But Winslow Leach survives, taking up residence instead in Swan’s newly-built musical Xanadu, The Paradise. He raids the wardrobe, donning a mask and a cape, becoming the titular Phantom. His hunger for revenge has never been greater, and once Leach becomes the Phantom, an interesting thing happens- as his presence becomes more shadowy and enigmatic, he becomes a more formidable adversary for Swan. Whereas Leach was just a man, and a weak one at that, the Phantom is fascinating. Swan comes to realize this, precisely at the time the Phantom detonates a bomb during rehearsals for Swan’s production of FAUST.

This sequence employs one of DePalma’s favorite tricks, split-screen, in a way that simultaneously makes it an archetypal DePalma moment and underlines his thesis perfectly. One half of the screen shows the Phantom carrying out his plan, and the other shows Swan’s perception of the event. Swan, sitting in the Paradise balcony, is none the wiser until just before the bomb explodes, when he notices the Phantom sneaking around in the rafters, by which time he’s powerless to do anything about it. His face slackens as the explosion occurs, although less it seems from the tragedy (which rarely fazes him otherwise) than from the loss of control.

Like any powerful man, Swan isn’t willing to back down, so after quickly deducing the identity of the Phantom he works overtime to get him on his side. He convinces his upstart rival to re-write FAUST for him and pins him down to a lifetime contract, signed in blood, in the hope that the hard work will neutralize the Phantom’s new-found power and allow Swan to maintain control of the proceedings. And so, when the Phantom demands that the soulful Phoenix (Jessica Harper) - who he fell in love with at an audition early in the film- perform his cantata, Swan defies him by instead casting strutting glam-rocker Beef (Gerrit Graham).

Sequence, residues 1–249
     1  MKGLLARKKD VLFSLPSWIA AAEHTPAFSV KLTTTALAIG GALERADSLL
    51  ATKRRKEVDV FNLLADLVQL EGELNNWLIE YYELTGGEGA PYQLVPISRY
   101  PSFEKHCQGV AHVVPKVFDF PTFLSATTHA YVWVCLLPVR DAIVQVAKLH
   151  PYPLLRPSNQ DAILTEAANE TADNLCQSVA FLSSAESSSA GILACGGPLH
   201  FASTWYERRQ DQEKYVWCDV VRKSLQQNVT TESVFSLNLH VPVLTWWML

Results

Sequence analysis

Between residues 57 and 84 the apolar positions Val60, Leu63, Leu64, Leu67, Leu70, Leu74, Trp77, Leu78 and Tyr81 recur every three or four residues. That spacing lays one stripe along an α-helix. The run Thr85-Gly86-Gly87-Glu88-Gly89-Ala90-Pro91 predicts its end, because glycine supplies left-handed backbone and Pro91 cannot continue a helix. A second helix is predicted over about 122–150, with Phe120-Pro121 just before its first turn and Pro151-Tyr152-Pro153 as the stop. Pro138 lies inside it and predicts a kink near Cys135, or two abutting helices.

With the Phantom being kept on a steady diet of drugs and kept under lock and key while he toils away at his music, Swan goes ahead with the production, giving Beef free reign to make the music his own (Swan, ever-reluctant to pin himself to a specific sound, is always futzing with FAUST’s musical style). However, when the Phantom breaks free on opening night and electrocutes Beef onstage (with a neon thunderbolt, no less), it’s a curious moment, and typical of the moral grey areas typically found in DePalma’s work. Rather than turning into a momentous tragedy, the evening ends in triumph, as Phoenix takes the stage to calm the crowd and becomes an overnight sensation. Naturally, the crowd eats it all up (“how often does a rock star fry onstage? They know they’ve been fully entertained”) and Swan happily proclaims the show a greater success than he could have imagined.

All this leads up to the film’s most explicit expression of its thesis, during a scene in which Swan seduces Phoenix inside his home. The Phantom, forever pining for Phoenix, follows them, and he climbs onto the roof to spy on them. It’s in this scene that DePalma inverts the dynamic between the watcher and the watched- for someone who is doing the watching, the Phantom is strangely powerless. Perhaps it’s the way the scene is shot- Swan’s bed is situated directly under the skylight, as though he wants to be seen. Finally, Swan pours salt in the Phantom’s wounds, so to speak, by turning the gaze around. As he lies next to Phoenix, he turns on a remote camera on the rooftop directly behind the Phantom, watching he who watches him, taking back the power.

If you’ve made it this far, you’ve no doubt either seen the film and already know how it ends, or you haven’t seen the film and would prefer not to have it completely spoiled. For you, I’ll oblige, taking only the opportunity to remark how the film’s finale (a) manages to remain relatively faithful to the FAUST legend it so extensively references, (b) allows Leach the opportunity to take back the image once and for all, and yet (c) transpires in a way that Swan would almost certainly have approved of, in the abstract at least. If nothing else, the crowd keeps dancing, which I’m sure he would have enjoyed.

Of course, the greatness of PHANTOM OF THE PARADISE doesn’t begin and end with the idea at its center. For one thing, the music is pretty great- awesome as Paul Williams’ work with the Muppets was, it’s light-years away from his songs here. While both Swan and the Phantom, true to the film’s thesis, are both more compelling as archetypes than as flesh-and-blood characters, they’re surrounded by a colorful supporting cast, particularly Gerrit Graham’s Beef, a truly inspired comic creation. And DePalma is at the center of it all, directing with a sure hand and great panache, following his muse while putting on one heck of a show. In PHANTOM OF THE PARADISE, as in so much of his DePalma’s work, he’s in full control of the image, and we, his audience, are powerless in the face of it. Personally, I wouldn’t have it any other way.

No comments: